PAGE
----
Extending Salt's capabilities for event-driven network automation and orchestration
Salt is currently one of the largely used frameworks in automating network operations. Even though it has been firstly released over 8 years ago, the network commu …
|Talk Title||Extending Salt's capabilities for event-driven network automation and orchestration|
|Speakers||Mircea Ulinic, DigitalOcean|
|Date||Jun 10 2019 - Jun 12 2019|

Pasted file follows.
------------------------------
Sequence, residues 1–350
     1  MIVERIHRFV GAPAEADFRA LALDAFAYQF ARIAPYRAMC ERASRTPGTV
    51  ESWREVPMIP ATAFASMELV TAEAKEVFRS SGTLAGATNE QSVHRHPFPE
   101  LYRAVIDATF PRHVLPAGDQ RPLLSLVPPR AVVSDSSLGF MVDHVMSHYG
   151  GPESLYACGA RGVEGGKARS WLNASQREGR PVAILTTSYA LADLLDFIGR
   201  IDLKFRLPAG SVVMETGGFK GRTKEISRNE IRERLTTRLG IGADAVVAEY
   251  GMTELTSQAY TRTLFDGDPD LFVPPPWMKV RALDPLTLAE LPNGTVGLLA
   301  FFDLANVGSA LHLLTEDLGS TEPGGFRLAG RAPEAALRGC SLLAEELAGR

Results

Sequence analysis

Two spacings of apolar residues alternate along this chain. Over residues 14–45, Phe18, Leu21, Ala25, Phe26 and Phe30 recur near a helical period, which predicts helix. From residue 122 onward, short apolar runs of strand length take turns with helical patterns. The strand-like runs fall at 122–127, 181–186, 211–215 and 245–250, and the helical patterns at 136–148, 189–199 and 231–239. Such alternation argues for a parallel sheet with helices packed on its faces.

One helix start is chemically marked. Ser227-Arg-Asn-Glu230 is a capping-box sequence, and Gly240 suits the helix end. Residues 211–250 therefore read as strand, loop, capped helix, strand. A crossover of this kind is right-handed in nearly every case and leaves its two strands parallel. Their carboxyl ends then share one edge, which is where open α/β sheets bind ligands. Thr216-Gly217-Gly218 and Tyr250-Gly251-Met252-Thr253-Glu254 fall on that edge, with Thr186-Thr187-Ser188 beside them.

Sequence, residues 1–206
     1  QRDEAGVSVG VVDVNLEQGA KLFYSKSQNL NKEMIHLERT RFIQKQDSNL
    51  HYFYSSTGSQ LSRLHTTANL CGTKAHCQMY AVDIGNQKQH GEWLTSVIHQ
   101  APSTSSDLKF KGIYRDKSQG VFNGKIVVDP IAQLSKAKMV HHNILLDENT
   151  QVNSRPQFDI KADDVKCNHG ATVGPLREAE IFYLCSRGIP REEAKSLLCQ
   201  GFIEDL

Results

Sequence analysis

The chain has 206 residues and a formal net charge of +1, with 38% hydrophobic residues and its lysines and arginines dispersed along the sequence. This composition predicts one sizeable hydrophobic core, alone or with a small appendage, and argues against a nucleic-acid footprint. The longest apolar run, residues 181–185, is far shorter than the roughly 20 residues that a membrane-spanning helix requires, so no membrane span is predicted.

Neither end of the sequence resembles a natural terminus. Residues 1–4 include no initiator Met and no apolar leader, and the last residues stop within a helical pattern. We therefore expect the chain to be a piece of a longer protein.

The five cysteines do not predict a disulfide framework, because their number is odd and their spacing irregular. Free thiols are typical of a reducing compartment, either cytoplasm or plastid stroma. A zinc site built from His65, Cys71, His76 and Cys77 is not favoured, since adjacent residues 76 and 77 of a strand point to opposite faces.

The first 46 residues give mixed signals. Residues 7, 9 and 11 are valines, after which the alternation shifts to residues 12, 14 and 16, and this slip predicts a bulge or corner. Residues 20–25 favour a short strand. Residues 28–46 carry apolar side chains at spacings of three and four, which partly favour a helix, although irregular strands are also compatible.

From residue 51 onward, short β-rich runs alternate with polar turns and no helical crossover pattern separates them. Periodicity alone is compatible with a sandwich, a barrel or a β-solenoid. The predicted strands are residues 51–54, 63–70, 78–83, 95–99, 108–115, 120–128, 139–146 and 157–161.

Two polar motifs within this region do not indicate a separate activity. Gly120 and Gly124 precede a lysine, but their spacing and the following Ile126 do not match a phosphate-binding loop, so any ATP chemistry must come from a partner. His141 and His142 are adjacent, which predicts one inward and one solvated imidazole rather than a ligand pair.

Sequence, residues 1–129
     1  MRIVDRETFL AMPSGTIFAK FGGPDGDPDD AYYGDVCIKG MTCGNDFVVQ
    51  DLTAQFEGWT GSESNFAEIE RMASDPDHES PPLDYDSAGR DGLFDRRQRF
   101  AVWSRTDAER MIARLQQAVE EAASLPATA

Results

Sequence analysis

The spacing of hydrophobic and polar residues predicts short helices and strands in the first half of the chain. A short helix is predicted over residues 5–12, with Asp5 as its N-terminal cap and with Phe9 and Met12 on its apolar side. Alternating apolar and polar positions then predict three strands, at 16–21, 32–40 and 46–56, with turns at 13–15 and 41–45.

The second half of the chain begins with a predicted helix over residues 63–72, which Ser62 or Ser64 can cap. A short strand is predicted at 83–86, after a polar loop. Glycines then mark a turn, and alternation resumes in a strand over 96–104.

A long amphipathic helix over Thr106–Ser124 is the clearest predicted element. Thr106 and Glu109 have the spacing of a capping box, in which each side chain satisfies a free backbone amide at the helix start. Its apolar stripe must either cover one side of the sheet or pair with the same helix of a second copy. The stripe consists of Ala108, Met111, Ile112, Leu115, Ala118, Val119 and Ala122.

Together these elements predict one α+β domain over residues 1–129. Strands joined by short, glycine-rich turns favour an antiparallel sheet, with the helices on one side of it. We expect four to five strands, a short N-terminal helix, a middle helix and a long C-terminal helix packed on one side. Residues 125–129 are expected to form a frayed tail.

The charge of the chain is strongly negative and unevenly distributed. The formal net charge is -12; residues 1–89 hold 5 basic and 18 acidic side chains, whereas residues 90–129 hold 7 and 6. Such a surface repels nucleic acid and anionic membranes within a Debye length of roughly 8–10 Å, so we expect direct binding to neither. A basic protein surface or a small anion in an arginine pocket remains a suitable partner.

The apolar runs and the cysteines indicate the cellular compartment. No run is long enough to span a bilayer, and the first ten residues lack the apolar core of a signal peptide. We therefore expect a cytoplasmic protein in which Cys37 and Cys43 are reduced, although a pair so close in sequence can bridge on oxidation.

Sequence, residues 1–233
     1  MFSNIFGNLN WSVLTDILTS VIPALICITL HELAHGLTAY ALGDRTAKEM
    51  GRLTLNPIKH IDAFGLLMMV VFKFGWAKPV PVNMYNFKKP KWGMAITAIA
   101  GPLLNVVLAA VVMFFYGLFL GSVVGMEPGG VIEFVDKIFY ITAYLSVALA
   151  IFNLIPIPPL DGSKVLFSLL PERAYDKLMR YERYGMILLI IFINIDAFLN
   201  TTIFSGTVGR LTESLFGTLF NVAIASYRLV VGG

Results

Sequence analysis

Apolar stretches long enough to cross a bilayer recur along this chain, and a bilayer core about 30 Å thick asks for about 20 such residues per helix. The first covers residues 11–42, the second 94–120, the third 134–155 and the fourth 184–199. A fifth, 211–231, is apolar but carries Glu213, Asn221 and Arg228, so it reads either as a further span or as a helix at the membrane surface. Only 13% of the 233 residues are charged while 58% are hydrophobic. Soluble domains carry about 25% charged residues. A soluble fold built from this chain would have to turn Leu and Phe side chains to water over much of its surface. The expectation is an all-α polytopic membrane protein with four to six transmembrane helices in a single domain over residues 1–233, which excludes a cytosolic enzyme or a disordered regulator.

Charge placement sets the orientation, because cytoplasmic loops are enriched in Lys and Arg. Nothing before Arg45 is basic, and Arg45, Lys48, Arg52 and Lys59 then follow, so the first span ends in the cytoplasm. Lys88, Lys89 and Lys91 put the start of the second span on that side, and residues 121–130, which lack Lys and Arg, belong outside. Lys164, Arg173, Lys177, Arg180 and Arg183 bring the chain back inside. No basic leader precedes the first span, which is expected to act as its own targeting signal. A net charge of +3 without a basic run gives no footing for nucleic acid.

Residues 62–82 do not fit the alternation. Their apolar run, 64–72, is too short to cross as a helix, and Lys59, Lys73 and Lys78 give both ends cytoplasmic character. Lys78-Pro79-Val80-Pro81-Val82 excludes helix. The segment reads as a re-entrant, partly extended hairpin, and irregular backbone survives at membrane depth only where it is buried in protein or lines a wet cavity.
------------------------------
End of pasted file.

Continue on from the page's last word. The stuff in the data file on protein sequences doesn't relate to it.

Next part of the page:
Salt is currently one of the largely used frameworks in automating network operations. Even though it has been firstly released over 8 years ago, the network community started to adopt Salt only after 2016 when the initial official support for automating network gear has been added into the official releases. NAPALM has been one of the first libraries fully integrated into the framework, and others followed later, now being able to automate a variety of platforms, including Juniper, Arista, Cisco IOS / IOS-XR / NX-OS, Palo Alto, Cumulus, as well as many other NAPALM plugins available through the parent library - see https://github.com/napalm-automation-community/. Salt has been designed from the beginning as an event-driven pipeline, easily customizable and extensible in the user’s environment. Thanks to Salt’s maturity and the features added in the latest releases, it is now easier than ever to write yourself features for network automation by simply executing direct API calls, in just a few lines of Python code. In this tutorial we well explore the available features in the latest Salt release 2019.2.0, and, step-by-step, we’ll implement together various features for network operations, from the simplest examples to more complex ones. To follow my steps together with me, you’ll only need to have access to a machine where you can run Docker (see https://docs.docker.com/install/ to prepare in advance).